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3.4: Some Final Tips

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    Photocopy or print out your articles. Most academic libraries won’t let you check out periodicals. This means you either have to read and take your notes on the article while in the library, you have to make a photocopy of the article, or, if it is available electronically, you have to print it out. It might cost you a dollar or two and take a few minutes at a photocopier or a printer, but it will be worth it because you’ll be able to return to the article later on when you’re actually doing your writing.

    Write down all the citation information before you leave the library. When you start using the evidence you find in journals, magazines, and newspapers to support your points in your research writing projects, you will need to give your evidence credit.

    The key pieces of information to note about your evidence before you leave the library include:

    • the type of periodical (a journal, a magazine, or a newspaper)
    • the title of the publication
    • the author or authors of the article
    • the title of the article
    • the date of the publication
    • the page numbers of the article

    Recording all of this information does take a little time, but it is much easier to record that information when you first find the evidence than it is to try to figure it out later on.

    Hyperlink: Chapter Six, “The Annotated Bibliography Exercise,” describes the process of keeping track of the research materials you find in the library and on the Internet in a writing project.

    Other Library Materials

    Chances are, the bulk of your library research will involve books and periodicals. But libraries have many other types of materials that you might find useful for your research projects as well. Here are some examples and brief explanations of these materials.

    Government Documents. Most college and university libraries in this country collect materials published by the United States federal government. Given the fact that the U.S. government releases more publications than any other organization in the world, the variety of materials commonly called “government documents” is quite broad. They include transcripts of congressional hearings and committee meetings; reports from almost every government office, agency and bureau; and pamphlets, newsletters, and periodic publications from various government sponsored institutes and associations. If your research project is about any issue involving an existing or proposed federal law, a government reform or policy, a foreign policy, or an issue on which the U.S. Congress held hearings about, chances are the federal government has published something about it.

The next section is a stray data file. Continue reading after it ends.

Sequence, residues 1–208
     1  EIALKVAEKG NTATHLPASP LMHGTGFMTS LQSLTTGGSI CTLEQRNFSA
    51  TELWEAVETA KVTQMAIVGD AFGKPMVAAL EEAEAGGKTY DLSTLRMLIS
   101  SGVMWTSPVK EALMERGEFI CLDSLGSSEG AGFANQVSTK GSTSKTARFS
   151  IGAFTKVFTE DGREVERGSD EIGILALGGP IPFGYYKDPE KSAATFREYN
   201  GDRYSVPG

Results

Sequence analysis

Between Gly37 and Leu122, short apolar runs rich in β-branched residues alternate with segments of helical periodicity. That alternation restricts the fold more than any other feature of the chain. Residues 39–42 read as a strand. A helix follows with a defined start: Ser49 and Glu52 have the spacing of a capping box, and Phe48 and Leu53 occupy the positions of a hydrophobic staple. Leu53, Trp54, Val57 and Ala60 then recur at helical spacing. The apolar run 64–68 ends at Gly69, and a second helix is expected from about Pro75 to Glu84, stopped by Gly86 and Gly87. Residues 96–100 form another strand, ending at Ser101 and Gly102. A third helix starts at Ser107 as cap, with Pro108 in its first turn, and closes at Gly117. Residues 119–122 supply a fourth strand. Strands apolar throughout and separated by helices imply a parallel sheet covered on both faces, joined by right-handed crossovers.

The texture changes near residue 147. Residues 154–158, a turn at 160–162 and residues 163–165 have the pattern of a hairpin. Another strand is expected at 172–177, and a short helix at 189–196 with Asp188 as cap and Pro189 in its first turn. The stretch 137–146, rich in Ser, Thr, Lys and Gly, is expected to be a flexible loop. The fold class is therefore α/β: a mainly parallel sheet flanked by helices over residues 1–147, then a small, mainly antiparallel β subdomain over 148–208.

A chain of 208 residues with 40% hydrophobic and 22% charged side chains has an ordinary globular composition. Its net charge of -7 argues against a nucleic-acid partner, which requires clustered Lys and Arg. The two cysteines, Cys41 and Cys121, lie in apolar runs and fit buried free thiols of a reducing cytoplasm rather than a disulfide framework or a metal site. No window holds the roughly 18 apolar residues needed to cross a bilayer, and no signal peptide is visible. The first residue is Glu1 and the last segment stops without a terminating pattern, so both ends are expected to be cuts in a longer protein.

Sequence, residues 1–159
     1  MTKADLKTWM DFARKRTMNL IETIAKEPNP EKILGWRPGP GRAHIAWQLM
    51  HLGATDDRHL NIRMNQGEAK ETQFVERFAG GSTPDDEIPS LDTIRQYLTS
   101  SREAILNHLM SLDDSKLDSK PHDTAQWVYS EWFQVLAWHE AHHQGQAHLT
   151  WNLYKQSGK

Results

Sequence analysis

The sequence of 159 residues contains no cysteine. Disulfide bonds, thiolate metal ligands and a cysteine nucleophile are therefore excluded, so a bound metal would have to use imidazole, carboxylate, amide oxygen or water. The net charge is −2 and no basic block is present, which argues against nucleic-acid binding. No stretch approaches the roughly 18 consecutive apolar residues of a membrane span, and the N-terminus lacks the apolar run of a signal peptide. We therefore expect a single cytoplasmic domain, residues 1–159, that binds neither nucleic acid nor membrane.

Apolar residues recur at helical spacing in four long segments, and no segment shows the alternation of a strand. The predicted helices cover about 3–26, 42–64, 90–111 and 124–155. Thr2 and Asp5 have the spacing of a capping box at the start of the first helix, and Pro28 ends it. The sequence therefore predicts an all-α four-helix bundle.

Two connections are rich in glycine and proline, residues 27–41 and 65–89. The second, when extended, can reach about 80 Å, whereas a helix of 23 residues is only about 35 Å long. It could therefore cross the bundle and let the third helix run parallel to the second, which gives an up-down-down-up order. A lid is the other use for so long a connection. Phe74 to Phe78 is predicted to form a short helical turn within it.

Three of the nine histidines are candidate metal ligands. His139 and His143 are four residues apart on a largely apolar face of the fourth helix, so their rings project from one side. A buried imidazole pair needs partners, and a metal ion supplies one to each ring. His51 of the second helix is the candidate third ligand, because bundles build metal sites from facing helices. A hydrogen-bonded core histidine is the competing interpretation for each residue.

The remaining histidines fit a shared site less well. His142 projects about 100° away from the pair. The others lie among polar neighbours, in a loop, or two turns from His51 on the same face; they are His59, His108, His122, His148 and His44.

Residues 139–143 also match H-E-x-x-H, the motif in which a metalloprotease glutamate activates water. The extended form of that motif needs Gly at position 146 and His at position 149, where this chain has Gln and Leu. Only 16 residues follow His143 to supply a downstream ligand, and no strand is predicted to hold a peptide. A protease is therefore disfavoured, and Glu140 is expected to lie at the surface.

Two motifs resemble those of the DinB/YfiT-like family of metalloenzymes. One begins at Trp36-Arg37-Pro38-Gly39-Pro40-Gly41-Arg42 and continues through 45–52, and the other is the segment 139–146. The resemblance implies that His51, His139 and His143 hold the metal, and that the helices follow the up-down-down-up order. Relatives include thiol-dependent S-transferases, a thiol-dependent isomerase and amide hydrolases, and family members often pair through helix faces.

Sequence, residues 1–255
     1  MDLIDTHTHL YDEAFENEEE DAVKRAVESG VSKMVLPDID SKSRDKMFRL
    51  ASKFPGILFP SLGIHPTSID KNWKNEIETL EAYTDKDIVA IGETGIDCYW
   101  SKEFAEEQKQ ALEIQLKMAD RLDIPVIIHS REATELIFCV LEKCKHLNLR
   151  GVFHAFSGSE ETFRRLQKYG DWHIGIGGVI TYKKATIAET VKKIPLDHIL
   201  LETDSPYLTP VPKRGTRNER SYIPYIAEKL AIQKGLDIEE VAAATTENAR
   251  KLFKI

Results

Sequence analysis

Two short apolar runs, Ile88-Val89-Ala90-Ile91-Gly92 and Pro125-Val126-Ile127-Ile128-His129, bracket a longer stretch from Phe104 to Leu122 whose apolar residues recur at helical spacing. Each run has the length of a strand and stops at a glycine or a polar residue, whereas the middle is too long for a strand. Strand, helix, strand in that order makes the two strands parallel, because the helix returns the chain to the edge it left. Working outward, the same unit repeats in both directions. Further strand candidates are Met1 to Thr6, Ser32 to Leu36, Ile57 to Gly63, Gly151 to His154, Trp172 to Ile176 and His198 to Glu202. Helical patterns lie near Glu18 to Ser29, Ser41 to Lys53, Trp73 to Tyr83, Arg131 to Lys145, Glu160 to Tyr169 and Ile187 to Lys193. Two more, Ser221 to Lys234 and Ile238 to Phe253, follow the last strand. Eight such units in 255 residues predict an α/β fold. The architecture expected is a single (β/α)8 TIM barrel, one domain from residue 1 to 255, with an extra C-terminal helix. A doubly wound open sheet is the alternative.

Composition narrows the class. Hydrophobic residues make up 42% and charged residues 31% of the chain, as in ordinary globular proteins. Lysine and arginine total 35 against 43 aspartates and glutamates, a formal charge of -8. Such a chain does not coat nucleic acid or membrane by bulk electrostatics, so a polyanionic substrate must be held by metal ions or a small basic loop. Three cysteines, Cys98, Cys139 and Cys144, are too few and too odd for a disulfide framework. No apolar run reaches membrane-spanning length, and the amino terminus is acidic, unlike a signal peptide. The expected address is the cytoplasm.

Check with your librarian about the government documents available and how to search them. Most of the materials published by the U.S. government can be researched using the same databases you use to search for periodicals and books.

    Interlibrary Loan. Most college and university libraries provide their patrons ways to borrow materials from other libraries. The nature of this service, usually called interlibrary loan, varies considerably. Many community college, college, and university libraries in the U.S. have formed partnerships with other libraries in their geographic areas to make interlibrary loan of books and even periodicals quite easy and convenient. On the other hand, many other libraries treat each interlibrary request as a special case, which means it frequently isn’t as easy or as quick.

    Theses and dissertations. If your college or university has graduate programs, your library probably has a collection of the theses or dissertations written by these graduate students. These documents are usually shelved in a special place in the library, though at most libraries, you would use the same database you used to find books to find a thesis or a dissertation.

    Rare books and other special collections. Many college and university libraries have collections of unusual and often valuable materials that they hold as part of a special collection. Most of these special collections consist of materials that can be loosely classified as rare books: books, manuscripts, and other publications that are valuable because of their age, their uniqueness, the fame of the author, and so forth. Your research project probably won’t require you to use these unusual collections, but rare book and other special collection portions of the library can be fun to visit.

    This page titled 3.4: Some Final Tips is shared under a CC BY-NC-SA license and was authored, remixed, and/or curated by Steven D. Krause.

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